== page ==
How Does Jesus Respond When We Doubt? (John 20)
This article is part of the Tough Passages series.
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24Now Thomas, one of the twelve, called the Twin, was not with them when Jesus came. 25So the other disciples told him, “We have seen the Lord.” But he said to them, “Unless I see in his hands the mark of the nails, and place my finger into the mark of the nails, and place my hand into his side, I will never believe.”
26Eight days later, his disciples were inside again, and Thomas was with them. Although the doors were locked, Jesus came and stood among them and said, “Peace be with you.” 27Then he said to Thomas, “Put your finger here, and see my hands; and put out your hand, and place it in my side. Do not disbelieve, but believe.” 28Thomas answered him, “My Lord and my God!” 29Jesus said to him, “Have you believed because you have seen me? Blessed are those who have not seen and yet have believed.”
30Now Jesus did many other signs in the presence of the disciples, which are not written in this book; 31but these are written so that you may believe that Jesus is the Christ, the Son of God, and that by believing you may have life in his name.
ESV Expository Commentary
Two New Testament scholars offer passage-by-passage commentary through the narratives of John and Acts, explaining difficult doctrines, shedding light on overlooked sections, and making applications to life and ministry today.
The Risen Christ Convinces Thomas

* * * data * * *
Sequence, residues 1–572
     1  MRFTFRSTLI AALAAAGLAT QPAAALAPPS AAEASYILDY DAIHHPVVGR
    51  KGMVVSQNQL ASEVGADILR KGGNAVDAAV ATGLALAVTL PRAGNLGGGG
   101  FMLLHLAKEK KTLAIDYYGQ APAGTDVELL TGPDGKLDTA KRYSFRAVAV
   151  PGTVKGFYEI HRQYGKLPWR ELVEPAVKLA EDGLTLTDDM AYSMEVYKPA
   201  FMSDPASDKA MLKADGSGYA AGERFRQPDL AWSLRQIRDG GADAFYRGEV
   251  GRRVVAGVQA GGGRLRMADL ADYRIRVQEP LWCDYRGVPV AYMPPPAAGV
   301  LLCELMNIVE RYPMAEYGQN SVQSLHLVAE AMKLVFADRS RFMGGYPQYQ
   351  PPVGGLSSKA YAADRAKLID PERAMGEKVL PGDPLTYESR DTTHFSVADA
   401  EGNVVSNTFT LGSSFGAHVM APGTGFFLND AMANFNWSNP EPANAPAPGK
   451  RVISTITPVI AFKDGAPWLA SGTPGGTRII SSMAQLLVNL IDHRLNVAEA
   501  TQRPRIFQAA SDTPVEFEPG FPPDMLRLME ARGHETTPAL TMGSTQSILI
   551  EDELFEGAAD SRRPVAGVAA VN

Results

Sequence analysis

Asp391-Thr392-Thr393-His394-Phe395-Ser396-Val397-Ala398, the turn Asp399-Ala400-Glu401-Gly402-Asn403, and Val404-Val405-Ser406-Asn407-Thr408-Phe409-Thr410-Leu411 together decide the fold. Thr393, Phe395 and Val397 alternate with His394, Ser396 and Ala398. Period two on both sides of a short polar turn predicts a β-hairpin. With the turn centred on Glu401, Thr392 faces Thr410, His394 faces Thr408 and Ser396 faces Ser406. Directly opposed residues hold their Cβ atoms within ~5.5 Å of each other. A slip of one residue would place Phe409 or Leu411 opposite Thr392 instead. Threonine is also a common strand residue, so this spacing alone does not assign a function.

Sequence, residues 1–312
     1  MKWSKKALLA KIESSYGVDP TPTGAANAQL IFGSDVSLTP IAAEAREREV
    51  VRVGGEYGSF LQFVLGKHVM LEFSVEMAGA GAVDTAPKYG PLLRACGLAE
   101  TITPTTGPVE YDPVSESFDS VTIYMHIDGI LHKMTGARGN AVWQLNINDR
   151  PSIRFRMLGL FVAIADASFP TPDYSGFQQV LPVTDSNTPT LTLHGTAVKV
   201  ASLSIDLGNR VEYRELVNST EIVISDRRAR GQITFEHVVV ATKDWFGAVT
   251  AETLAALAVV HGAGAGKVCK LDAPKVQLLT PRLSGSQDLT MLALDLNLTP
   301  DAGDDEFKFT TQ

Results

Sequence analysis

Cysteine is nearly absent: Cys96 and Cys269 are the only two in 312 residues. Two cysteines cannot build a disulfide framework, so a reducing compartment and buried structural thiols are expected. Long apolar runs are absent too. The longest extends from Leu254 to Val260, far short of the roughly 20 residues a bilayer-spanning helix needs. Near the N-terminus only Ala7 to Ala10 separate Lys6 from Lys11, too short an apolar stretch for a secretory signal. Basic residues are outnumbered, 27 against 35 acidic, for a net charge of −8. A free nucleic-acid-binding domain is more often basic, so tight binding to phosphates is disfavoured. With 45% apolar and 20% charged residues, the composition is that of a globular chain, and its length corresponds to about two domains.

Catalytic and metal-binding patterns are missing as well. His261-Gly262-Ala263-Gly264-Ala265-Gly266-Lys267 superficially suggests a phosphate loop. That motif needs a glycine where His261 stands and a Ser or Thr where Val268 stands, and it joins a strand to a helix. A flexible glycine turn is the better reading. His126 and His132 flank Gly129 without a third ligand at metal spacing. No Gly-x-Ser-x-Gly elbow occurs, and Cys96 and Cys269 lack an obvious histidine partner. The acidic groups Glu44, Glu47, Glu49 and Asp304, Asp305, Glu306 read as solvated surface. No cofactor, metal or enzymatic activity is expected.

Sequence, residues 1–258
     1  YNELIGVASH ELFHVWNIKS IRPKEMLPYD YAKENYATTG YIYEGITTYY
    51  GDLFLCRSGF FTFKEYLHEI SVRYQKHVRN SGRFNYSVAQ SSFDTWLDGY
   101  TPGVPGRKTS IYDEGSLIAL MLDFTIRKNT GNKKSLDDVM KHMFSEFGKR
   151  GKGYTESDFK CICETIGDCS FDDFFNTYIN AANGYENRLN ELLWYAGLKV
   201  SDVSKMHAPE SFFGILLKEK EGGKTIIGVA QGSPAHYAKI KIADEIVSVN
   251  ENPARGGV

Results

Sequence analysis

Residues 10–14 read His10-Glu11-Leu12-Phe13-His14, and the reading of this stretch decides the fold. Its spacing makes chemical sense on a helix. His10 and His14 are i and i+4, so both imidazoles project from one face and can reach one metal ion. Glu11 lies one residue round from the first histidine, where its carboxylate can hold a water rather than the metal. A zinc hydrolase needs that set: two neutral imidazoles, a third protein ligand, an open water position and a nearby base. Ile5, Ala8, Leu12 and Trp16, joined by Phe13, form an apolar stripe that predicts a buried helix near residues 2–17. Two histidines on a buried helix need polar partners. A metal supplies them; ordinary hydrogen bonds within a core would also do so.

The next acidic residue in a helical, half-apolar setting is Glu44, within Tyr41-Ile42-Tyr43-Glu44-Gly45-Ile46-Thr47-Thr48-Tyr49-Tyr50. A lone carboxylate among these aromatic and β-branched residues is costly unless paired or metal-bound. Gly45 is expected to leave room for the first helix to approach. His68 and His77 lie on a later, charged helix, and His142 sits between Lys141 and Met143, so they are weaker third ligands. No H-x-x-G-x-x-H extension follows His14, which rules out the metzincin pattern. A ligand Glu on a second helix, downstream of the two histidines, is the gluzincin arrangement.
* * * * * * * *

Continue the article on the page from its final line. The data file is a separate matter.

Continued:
John has structured his narrative such that his evangelistic purpose is obvious. He has just presented the empty tomb, the risen Christ, the giving of the Spirit, and the power to forgive. Next he seeks to counter the objection that dead men do not rise by presenting one of the disciples of Jesus who was not there on the evening of his resurrection in verses 19–23.
Any member of John’s audience who doubts the resurrection is represented by Thomas in this episode, and John presents those doubts as being overcome by the reality of the risen Christ. Thomas was not present when Jesus spoke peace to the disciples on the day of the resurrection (v. 24), so he is understandably skeptical about their claims to have seen him (v. 25). In verse 25 Thomas insists on being convinced the same way the disciples were in verse 20: by experiencing the reality of the risen body of Jesus through contact with his wounds.
John relates the repeat performance of Jesus in verse 26. Once again the disciples are together—this time with Thomas—once again the doors are locked, once again Jesus enters the room somehow, and once again he announces the peace he has made possible for them. Behold the kindness of Christ (v. 27): he does not rebuke Thomas; he does not chide or chasten him; instead, he invites Thomas to feel his wounds, commanding him to believe.
John does not record that Thomas actually touched Jesus, leaving us instead with Thomas’s awed response (v. 28). John had opened with the declaration that the Word was God (1:1), and now, near the end of the Gospel, Thomas names Jesus as his Lord and his God (20:28).